Jo's March 2021 News and Views
It's been so good to be able to visit the garden again and to start my volunteer sessions there too. So much to share with you so without further ado here we go!
The plans for the polytunnel all came together at the beginning of the month so in my official capacity as Chairman I went to see the building work on behalf of the Bowles Society. Photos 1,2 and 3 show that it didn't take Richard long to put this 'giant flat pack' together. It looks amazing and it is great to think that there will soon be potting benches inside and the plans to propagate and grow on plants for the garden will soon be realised. Well done, Richard!
The work on replacing the pond liner has started too. The following photos, 4, 5 and 6 show the extent of the silt that has to be removed before the liner can be replaced in the pond. The men have put boards down for the digger to roll over to protect the lawn as far as possible, photo 7. The monorail will take the silt to the yard for removal, photo 8. Great care is being taken to limit damage to the surrounding lawns and garden. The Gunnera has been removed and is being stored in the yard ready for replanting as have many of the other marginal plants from around the pond. I will bring you a further report next month.
Moving on to the Alpine Meadow, photo 9. This has been looking wonderful this year. So, too, is the Rock Garden. The Scilla bithinica is covering the banks again making it a photographers' dream, photo 10. The Magnolia stellata, photo 11, also stands out from the crowd. Walking back to the main garden the Chaenomeles japonica, japanese quince, is putting on a lovely show too. This is another shrub that flowers on bare branches followed by the leaves, photo 12.
Further on was the Orchard planted to mark the Millennium. Here the daffodils have taken over from the snowdrops and the yew hedge sculptures and beech hedge form a perfect backdrop for them, photo 13. On the other side of the beech hedge there used to be a selection of small allotment beds. These have been removed to make way for a second orchard. This is being planted with Heritage apple trees, one of which has been named Brigadier Andrew Parker Bowles after our President, photo 14. This is possibly the longest name an apple tree has ever had! The tree was planted recently by the Brigadier ably assisted by Richard and Peter Oakenfull, photo 15. Unfortunately, due to the continuing Coronavirus restrictions it was a very low key ceremony with social distancing in place. Peter was responsible for the grafting of this new variety and is an ecologist. I have included a short write up on his work and what is involved in creating a new heritage apple tree for you to read. I found this very interesting, photo 16.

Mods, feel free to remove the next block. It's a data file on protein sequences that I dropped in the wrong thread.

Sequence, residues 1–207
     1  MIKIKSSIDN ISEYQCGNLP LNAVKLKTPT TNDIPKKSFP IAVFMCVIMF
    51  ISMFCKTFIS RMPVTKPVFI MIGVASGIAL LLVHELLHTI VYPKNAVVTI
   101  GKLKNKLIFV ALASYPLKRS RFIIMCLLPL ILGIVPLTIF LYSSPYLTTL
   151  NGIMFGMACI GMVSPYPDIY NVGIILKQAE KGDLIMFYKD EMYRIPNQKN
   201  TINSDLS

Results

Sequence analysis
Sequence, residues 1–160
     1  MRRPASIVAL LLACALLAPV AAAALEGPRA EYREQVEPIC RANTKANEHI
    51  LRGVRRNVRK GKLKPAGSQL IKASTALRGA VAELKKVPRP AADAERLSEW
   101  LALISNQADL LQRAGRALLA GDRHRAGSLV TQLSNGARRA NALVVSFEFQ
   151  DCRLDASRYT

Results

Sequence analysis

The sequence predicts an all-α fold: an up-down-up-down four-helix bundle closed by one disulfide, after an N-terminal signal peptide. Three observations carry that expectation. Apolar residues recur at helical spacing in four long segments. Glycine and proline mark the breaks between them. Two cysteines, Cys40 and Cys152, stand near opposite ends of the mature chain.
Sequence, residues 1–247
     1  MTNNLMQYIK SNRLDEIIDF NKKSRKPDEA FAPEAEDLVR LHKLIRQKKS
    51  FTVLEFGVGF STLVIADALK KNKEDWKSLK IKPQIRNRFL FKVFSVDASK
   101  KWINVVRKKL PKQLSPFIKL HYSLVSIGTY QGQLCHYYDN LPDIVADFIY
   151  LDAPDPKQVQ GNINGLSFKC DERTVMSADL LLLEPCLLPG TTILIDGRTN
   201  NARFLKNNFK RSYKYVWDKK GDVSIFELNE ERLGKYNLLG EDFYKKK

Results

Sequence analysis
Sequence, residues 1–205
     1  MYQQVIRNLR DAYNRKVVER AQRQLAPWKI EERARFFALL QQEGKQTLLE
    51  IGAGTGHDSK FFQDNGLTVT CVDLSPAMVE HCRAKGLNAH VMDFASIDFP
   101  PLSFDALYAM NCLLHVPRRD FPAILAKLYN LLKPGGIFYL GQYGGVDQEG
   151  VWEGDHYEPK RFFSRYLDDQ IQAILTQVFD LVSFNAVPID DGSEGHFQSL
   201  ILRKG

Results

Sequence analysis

Walking up the path to the Tulip Terrace, I stopped to enjoy the view across the Kitchen Garden. The Forsythia in the distance is one of several around the garden, the bright yellow flowers bring a welcome splash of colour together with the beech hedge, the conference pear trees in the fruit arch and the colourful tulips, all bringing a taste of Spring to the garden, photo 17. The tulip 'Ancilla' is so beautiful and perfect for the planters, photo 18. I then made my way through the area behind the New River Lawn to Tom Tiddlers Ground. I knew the Prunus cerasifera 'Pissardii', the Cherry tree 'Pissardii', was flowering and I wasn't disappointed, photo 19. It's almost hidden here but not quite!
Next was a visit to the Wisley Corner where the Ipheion uniflorum 'Wisley Blue' was looking the best I've ever seen it, photo 20. The bulbs have been busy multiplying and cover quite a large area now, photo 21. On the other side of the path was this Epimedium x warleyense which was sparkling in the sunshine, photo 22. On the edge of the Rose Garden area the large Magnolia tree was absolutely covered in flowers, photo 23. The blossoms are exquisite and I think that magnolias everywhere are having a good year, photo 24.
Then it was over to the Arboretum. Here the Cornus mas has looked fabulous this year, photo 25 and the whole area was awash with daffodils, photo 26.
So onto my fauna collection for the month. First of all Bryan told me about the sawfly which were feeding on the Echiums, photo 27. I've included a ladybird who obligingly turned up for the photoshoot for perspective. Thank you Bryan for showing this to me. Then whilst walking around the Rock Garden these butterflies turned up dancing around in the sunshine. A Comma, photo 28 and a Brimstone, photo 29. The Brimstone is the bright yellow butterfly that you may see dancing around your gardens. Finally, a Nuthatch for you. It was calling from the top of the tree on the New River Lawn, a beautiful bird and one of my favourites, photo 30.
I hope you have enjoyed this wander through the garden with me.